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README

# configleaf

## Software configuration for Clojure.

Sometimes you need to write software that behaves differently depending on the context
it is being used in. For example, when I write a web service (for example), I want the
servlet to open additional ports and output additional debugging information on errors
when I am working on developing it, but not when I push it into production.

Configleaf lets you easily define configurations, ordinary Clojure data structures, that
bundle together any number of options and flags that can drive the behavior of your
software, and lets you control it from Leiningen (hopefully Cake as well soon). Your
software will not require a dependency on configleaf (only a dev-dependency). It will 
instead have a new namespace containing the values for the currently active configuration.

## Usage

There are two steps to using Configleaf. First, you need to add some key/value pairs to
your project definition in project.clj. The `:configleaf` key should contain a map with
the following:

* `:configurations` A map of configuration names to values that contain all the data
needed in that configuration. For example, 

    :configleaf {:configurations {:dev {:listen-port 8080}
                                  :prod {:listen-port 80}}}

* `:namespace` The namespace to insert the active configuration into. Optional. Defaults
to `configleaf.config`.
* `:default` The default configuration to use when none is specifically active. Optional.

As an example, consider the following.

    :configleaf {:default :dev
                 :namespace cfg.myproject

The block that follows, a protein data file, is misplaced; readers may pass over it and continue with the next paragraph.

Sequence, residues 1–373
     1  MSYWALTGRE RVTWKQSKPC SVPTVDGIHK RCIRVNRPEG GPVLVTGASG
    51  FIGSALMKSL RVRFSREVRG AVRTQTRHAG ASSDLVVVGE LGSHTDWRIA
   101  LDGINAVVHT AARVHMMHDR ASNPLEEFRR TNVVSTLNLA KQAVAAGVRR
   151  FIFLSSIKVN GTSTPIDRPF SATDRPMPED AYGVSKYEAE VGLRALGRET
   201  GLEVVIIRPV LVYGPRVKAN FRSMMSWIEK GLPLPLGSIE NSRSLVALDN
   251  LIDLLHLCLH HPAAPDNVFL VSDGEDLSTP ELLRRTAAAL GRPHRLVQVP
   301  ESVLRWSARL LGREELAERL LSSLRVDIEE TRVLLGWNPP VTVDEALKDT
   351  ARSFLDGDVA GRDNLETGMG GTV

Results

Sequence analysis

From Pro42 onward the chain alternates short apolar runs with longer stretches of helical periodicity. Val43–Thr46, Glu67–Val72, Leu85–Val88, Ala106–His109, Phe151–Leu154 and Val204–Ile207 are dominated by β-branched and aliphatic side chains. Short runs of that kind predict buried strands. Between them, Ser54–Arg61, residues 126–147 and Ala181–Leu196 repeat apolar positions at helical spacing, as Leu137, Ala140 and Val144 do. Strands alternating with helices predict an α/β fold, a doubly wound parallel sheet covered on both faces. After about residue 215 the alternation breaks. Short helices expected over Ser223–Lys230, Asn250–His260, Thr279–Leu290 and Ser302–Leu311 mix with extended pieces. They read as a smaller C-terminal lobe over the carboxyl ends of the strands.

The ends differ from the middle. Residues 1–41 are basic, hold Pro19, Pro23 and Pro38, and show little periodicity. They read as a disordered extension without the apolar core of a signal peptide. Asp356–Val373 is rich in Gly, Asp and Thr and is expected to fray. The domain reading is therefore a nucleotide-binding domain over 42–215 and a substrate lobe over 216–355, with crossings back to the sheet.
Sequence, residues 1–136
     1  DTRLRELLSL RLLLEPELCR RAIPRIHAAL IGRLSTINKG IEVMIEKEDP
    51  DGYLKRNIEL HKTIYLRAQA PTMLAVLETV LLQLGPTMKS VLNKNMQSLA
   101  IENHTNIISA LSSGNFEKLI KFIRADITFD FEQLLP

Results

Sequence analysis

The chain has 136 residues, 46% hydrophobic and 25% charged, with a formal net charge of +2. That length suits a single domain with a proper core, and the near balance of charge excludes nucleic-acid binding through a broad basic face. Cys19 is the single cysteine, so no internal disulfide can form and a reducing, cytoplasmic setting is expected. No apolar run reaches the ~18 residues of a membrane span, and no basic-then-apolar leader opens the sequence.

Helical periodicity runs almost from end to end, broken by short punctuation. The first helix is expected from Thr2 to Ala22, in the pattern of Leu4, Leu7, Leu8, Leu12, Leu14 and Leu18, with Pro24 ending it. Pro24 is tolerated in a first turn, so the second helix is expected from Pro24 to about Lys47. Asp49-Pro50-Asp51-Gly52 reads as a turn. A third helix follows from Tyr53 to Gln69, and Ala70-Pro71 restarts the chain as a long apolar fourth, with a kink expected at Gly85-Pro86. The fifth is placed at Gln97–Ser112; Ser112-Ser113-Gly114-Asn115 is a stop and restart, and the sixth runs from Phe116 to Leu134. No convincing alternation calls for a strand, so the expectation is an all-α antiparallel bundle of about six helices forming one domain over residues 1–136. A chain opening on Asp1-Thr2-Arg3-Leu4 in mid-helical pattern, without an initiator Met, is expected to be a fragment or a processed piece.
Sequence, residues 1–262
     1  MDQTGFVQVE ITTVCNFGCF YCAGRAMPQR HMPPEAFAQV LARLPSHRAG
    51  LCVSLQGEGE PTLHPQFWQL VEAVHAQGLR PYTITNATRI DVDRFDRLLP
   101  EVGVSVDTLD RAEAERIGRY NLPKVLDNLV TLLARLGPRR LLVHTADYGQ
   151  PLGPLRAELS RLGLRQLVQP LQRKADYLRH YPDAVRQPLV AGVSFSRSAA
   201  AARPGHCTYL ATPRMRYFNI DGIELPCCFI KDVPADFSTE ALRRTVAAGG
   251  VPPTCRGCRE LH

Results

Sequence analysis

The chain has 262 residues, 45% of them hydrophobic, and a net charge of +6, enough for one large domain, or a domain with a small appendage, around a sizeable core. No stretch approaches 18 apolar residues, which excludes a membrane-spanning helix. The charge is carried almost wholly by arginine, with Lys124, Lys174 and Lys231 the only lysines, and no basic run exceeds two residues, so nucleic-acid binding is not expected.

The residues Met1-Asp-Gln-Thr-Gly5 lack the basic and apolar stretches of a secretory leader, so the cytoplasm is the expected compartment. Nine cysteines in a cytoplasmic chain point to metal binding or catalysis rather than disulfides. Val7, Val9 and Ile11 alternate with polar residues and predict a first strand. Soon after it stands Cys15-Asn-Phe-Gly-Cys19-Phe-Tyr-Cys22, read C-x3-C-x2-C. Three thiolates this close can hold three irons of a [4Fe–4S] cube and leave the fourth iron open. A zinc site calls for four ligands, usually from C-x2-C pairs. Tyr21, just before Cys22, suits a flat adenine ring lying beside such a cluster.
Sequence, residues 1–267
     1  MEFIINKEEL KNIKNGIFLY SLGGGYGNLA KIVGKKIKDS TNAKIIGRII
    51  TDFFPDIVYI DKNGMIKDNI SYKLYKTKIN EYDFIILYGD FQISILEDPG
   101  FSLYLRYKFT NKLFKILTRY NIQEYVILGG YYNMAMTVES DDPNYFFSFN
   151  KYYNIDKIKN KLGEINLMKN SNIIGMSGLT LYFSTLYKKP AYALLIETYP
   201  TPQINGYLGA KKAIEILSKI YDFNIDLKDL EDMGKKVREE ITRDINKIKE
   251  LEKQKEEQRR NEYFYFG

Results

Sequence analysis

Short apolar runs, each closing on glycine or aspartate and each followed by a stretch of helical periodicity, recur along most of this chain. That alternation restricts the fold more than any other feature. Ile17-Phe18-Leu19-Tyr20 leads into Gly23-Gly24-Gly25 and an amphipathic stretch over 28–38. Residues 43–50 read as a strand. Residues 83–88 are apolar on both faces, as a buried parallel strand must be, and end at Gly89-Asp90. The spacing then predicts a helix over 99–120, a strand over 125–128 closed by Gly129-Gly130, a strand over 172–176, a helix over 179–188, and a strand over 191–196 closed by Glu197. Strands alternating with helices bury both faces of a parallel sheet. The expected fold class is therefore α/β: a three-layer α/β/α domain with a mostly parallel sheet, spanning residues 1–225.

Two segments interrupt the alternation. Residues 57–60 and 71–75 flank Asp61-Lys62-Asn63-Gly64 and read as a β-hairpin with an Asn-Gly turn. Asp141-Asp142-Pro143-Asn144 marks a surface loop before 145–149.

:configurations {:dev {:db "127.0.0.1"}
                                  :prod {:db "db.myproject.com"}}}
                                  
With this configuration, when you run the code (from a jar, repl, or swank environment),
you can access the active configuration by accessing the values `config` and `config-data`
in the namespace `cfg.myproject`. The value `config` is the name of the active 
configuration (in the example above, `:dev` or `:prod`), and `config-data` is the data
from the active configuration (such as `{:db "127.0.0.1"}`. 

The second part of using Configleaf is controlling the active configuration from the
command line. There are just a few commands.

* `lein configleaf status` Prints the currently active configuration. 

    lein configleaf status
    Configleaf
      Current configuration:  :test

* `lein configleaf set-config [config]` Sets the currently active configuration to config.

## Installation

To install Configleaf, add the following to your dev-dependencies

    [configleaf "0.1.0"]
    
After you set up the configleaf key in your project (see above), you will probably also
want to add two directories to your `.gitignore` file. The first is the directory
`.configleaf`, which will be in the same directory as your project.clj. This directory
holds the currently active configuration. The second is the namespace that is
automatically generated by Configleaf with your configuration values. In the example
above, you'd want to add "src/cfg/myproject.clj" or possibly "src/cfg" to your
`.gitignore`.

## License

Copyright (C) 2011

Distributed under the Eclipse Public License, the same as Clojure.
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